In autism, brain regions tailored to respond to voices are poorly connected to reward-processing circuits, according to a new study.
Aggression in school-age children may have its origins in children 3 years old and younger who witnessed violence between their mothers and partners, according to a new study.
Fights between siblings are so common they’re often dismissed as simply part of growing up. Yet a new study finds that sibling aggression is associated with significantly worse mental health in children and adolescents. In some cases, effects of sibling aggression on mental health were the same as those of peer aggression.
The sound of small children chattering away as they learn to talk has always been considered cute -- but not particularly sophisticated. However, new research has shown that toddlers' speech is far more advanced than previously understood.
A surprising new study reveals a common molecular vulnerability in autism and fetal alcohol disorder. Both have social impairment symptoms and originate during brain development. The study found male offspring of rat mothers given alcohol during pregnancy have social impairment and altered levels of autism-related genes found in humans. But the damage was reversed with a thyroid hormone given to the mothers during pregnancy.
A new study of the genetic origins of dyslexia and other learning disabilities could allow for earlier diagnoses and more successful interventions, according to researchers. Many students now are not diagnosed until high school, at which point treatments are less effective.
Infants as young as ten months old express sympathy for others in distress in non-verbal ways, according to new research.
Until recently most linguists believed that the relationship between the structure of language and the natural world was mainly the influence of the environment on vocabulary. Now, a new study shows that there is a link between geographical elevation and the way language is spoken. Ejectives are sounds made, and incorporated into language, only at higher altitudes.
The number of children admitted to hospital for problems related to obesity in England and Wales quadrupled between 2000 and 2009, a study has found.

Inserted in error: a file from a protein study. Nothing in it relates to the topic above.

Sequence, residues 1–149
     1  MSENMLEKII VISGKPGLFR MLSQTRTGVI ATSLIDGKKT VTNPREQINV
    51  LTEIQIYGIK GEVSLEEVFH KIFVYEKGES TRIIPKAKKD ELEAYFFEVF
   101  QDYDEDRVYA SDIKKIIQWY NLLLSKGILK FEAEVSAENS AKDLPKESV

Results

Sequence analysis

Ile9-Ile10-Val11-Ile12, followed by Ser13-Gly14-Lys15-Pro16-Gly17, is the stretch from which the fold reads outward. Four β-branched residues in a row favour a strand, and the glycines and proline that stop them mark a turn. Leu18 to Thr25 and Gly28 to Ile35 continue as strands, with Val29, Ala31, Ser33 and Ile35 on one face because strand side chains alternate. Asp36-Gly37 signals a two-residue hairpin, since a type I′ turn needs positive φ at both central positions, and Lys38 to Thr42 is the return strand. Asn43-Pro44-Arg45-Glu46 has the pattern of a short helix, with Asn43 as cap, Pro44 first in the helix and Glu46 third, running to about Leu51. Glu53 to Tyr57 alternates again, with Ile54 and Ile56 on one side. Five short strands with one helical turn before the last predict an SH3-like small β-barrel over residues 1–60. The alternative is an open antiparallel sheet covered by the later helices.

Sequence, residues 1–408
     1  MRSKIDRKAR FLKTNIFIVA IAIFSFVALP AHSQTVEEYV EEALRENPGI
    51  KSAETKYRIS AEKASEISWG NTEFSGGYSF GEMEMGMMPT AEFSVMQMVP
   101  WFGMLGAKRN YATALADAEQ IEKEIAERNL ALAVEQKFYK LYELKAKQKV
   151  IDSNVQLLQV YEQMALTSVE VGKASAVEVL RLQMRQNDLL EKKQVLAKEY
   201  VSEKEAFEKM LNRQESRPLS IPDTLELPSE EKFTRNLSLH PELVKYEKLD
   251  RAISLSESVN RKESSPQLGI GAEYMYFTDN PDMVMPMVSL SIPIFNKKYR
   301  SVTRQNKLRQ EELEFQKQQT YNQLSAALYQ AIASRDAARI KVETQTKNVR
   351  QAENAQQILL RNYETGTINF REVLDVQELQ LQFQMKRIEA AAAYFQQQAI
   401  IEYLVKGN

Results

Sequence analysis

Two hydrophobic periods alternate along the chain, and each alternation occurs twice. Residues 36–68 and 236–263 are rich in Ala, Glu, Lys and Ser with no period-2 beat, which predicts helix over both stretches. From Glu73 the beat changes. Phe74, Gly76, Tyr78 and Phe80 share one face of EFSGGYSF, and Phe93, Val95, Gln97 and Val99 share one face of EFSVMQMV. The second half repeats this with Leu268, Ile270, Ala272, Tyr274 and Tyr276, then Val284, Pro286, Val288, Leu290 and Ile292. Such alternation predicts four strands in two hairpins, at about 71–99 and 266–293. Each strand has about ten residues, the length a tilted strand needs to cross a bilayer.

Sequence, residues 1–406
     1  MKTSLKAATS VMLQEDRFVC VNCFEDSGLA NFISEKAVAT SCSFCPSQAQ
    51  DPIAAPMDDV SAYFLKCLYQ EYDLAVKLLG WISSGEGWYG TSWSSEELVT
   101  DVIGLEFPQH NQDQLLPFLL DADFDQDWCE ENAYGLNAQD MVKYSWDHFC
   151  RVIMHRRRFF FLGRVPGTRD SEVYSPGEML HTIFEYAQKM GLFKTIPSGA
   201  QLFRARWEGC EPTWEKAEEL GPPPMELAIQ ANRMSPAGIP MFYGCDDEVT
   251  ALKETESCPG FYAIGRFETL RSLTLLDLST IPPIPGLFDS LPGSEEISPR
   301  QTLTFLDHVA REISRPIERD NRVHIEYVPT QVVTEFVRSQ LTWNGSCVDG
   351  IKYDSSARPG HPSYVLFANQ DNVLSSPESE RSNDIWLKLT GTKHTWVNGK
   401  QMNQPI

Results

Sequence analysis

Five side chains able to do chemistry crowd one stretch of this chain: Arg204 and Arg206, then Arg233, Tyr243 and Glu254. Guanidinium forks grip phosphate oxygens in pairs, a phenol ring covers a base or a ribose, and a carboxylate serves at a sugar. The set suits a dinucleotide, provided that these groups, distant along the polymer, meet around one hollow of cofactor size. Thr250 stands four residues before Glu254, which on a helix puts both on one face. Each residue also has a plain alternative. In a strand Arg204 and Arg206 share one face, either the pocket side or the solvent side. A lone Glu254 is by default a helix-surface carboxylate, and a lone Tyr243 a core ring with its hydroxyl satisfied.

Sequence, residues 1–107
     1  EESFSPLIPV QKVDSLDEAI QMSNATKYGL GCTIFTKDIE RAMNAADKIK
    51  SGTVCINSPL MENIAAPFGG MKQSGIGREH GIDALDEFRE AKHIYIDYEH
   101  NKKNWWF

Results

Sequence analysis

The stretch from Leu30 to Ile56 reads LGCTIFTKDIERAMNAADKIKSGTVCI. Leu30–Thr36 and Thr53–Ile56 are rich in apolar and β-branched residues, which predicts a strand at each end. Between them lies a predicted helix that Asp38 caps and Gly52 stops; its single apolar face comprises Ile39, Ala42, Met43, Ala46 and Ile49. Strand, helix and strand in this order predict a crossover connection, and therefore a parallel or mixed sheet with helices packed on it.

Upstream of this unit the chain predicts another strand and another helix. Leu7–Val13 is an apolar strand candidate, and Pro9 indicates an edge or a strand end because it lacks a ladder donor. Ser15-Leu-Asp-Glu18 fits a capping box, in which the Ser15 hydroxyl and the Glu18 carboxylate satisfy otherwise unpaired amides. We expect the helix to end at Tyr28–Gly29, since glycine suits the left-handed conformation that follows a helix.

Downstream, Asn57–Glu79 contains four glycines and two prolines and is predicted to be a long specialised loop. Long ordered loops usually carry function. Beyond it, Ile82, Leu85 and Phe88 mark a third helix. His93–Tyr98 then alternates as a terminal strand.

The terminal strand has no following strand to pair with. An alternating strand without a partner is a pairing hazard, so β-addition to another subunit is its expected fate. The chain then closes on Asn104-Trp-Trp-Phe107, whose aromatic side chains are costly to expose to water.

Academic performance is better if young people play sports competitively, new research suggests.
Fever-induced childhood seizures can be terrifying for parents and carry a long-term risk to brain development. Scientists haven't known what mechanism triggers the seizures. Now they've identified a new key factor, leading to a new therapeutic target. They also found nimodipine, a commonly available L-type calcium-channel blocker, dramatically reduced the incidence and duration of febrile seizures in animals.
A new study describes the clinical presentation of Phelan-McDermid Syndrome and will help guide future research and clinical care.
A has for the first time found that a mother's higher exposure to some common environmental contaminants was associated with more frequent and vigorous fetal motor activity. Some chemicals were also associated with fewer changes in fetal heart rate, which normally parallel fetal movements.
Preschool children who have been neglected or emotionally abused exhibit a range of emotional and behavioral difficulties and adverse mother-child interactions that indicate these children require prompt evaluation and interventions, according to a systematic review.
Women with a severe form of morning sickness who take antihistamines to help them sleep through their debilitating nausea are significantly more likely to experience adverse pregnancy outcomes, including low birth weight babies and premature births.
An analysis of recent data from magnetic resonance imaging of 97 adolescents who were part of study begun with very low birth weight babies born in 1982-1986 in a Cleveland neonatal intensive care unit has tied smaller brain volumes to poor academic achievement.
For more than 50 years, linguists and computer scientists have tried to get computers to understand human language by programming semantics as software, with mixed results. Enabled by supercomputers, researchers are using new methods to more accurately represent language so computers can interpret it.
A new study used naturalistic video data for the first time to compare gestures in a female chimpanzee, bonobo and human infant.
A study using brain images from "quiet" MRI machines adds to the growing body of evidence that breastfeeding improves brain development in infants. Breastfeeding alone produced better brain development than a combination of breastfeeding and formula, which produced better development than formula alone.
A new brain imaging study of dyslexia shows that visual system differences do not cause the disorder, but instead are likely a consequence.